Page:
The investment portfolio of the University of Michigan’s endowment returned 10.7% for the fiscal year that ended June 30, raising its total asset value by $1 billion to $11.9 billion, and surpassing the 8.3% median return for universities as measured by Cambridge Associates.
The endowment’s 20-year annualized return is 9.6%, which the university said ranks it in the top 10% for long-term investment performance among university endowments.
“The positive performance of the long-term portfolio compared to the median college and university endowment suggests that the investment office has added an additional $3.1 billion of value since it was established in fiscal year 2000,” said CIO Erik Lundberg, according to the university’s office of public affairs.
To illustrate the $3.1 billion figure, Lundberg said a $100 investment 20 years ago would have returned $350 in the average university endowment, but the same investment in Michigan’s endowment would have returned $600.
Lundberg told the University of Michigan’s board of regents at its Oct. 18 meeting that the 2018 investment performance was enough to sustain and grow the endowment in real terms, net of spending. Endowment distributions totaled $346 million for the year, up from $325 million in 2017. The endowment has distributed nearly $4.5 billion over the past 20 years.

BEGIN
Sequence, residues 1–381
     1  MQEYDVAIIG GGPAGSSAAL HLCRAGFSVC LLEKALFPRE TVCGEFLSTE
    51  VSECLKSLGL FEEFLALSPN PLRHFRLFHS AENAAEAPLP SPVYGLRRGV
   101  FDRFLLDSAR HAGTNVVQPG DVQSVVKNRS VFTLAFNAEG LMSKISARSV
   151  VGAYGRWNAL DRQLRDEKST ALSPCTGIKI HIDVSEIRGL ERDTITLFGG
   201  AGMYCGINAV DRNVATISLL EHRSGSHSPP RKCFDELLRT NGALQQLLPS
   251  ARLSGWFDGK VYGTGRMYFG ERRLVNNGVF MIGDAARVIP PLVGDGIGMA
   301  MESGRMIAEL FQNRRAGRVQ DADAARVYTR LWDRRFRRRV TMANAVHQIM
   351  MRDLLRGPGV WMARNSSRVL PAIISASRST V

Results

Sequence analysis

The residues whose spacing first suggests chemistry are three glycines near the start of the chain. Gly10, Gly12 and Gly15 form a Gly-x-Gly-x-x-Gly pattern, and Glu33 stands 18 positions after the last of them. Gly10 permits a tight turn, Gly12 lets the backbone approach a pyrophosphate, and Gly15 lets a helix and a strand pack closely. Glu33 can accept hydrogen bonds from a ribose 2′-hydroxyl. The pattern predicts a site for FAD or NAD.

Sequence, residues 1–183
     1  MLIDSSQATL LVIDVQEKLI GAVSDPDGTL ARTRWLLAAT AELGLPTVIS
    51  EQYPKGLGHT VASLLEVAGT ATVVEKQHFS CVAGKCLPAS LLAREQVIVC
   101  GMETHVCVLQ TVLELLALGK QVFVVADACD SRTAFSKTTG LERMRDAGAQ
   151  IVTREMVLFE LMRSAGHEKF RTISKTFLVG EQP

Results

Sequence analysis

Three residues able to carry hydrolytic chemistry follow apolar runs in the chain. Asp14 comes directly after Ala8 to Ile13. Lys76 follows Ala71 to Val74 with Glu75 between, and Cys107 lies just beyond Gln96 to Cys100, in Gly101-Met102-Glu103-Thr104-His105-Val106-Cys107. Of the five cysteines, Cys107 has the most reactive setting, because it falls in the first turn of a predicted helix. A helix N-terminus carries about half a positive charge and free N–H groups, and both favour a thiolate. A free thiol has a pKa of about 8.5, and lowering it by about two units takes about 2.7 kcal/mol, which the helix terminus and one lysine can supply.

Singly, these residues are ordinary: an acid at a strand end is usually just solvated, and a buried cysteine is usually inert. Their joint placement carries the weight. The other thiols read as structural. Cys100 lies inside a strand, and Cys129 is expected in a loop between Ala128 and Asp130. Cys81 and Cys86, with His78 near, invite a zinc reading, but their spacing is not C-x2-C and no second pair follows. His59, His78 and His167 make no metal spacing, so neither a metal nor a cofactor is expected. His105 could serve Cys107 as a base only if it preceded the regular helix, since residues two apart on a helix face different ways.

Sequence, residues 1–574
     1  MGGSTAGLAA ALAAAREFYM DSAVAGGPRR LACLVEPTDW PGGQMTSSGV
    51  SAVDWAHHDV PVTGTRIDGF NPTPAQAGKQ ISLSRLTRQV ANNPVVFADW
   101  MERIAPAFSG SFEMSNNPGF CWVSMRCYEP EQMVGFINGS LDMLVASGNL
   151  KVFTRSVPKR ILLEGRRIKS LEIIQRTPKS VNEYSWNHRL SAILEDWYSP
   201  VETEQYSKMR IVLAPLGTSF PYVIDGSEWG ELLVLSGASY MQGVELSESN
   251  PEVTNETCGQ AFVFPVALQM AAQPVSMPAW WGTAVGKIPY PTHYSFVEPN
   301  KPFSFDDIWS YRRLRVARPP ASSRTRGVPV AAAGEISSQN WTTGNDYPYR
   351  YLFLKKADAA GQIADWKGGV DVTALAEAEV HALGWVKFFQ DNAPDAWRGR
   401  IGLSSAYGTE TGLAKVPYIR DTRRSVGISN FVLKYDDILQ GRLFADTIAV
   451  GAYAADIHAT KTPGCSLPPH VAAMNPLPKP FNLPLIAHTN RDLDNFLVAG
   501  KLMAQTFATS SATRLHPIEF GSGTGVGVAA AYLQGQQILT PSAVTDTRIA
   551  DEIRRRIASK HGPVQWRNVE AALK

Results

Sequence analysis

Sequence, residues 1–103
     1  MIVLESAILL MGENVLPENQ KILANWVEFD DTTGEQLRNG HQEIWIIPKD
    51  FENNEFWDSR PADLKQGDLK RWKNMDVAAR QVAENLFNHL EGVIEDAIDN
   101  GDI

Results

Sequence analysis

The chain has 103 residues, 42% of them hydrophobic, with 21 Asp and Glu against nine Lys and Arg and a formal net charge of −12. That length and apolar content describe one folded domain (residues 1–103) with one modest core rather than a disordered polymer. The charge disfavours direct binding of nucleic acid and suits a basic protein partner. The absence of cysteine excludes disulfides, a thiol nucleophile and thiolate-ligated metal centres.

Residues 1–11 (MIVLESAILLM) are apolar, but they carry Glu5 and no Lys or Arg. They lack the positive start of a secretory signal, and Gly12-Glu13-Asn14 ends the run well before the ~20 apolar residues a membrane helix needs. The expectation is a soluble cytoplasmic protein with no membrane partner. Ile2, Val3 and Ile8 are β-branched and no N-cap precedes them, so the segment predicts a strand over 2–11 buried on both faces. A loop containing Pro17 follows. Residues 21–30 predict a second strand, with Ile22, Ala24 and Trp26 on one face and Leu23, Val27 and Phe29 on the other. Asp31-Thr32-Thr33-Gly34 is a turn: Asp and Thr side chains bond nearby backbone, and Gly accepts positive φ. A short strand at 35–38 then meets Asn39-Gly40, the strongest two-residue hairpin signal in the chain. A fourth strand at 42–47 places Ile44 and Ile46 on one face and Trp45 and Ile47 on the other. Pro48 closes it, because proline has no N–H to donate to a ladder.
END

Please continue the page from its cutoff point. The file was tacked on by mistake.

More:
The university’s endowment is a collection of more than 11,000 separate endowment funds that provide support for specific purposes such as scholarships, educational programs, research, and professorships.
As of the end of August, the university’s long-term portfolio’s asset allocation was 21.8% in absolute return, 21.4% in equities, 15% in private equity, 15% in venture capital, 9.4% in real estate, 9.4% in natural resources, 4.9% in fixed income, and 3.1% in cash.
The board of regents also approved a new model portfolio for the university’s long-term portfolio. The model asset allocation portfolio for the coming fiscal year is for 28% in equities, 18% in absolute return, 12% in fixed income, 12% in private equity, 10% in venture capital, 10% in real estate, 8% in natural resources, and 2% in cash.
The recommendation for the model portfolio was made by accounting firm PricewaterhouseCoopers after an external review of the university’s investment functions.
“By putting this item on our agenda and approving the portfolio on an ongoing basis, the board of regents will keep current on the risks associated with the investment portfolio and further mitigate risks associated with noncompliance with university policy,” Regent Andrew Richner said at the meeting.
According to the university, Michigan’s endowment is the ninth-largest among US universities, and third-largest among public universities. However, on a per-student basis, the university’s endowment is ranked 84th.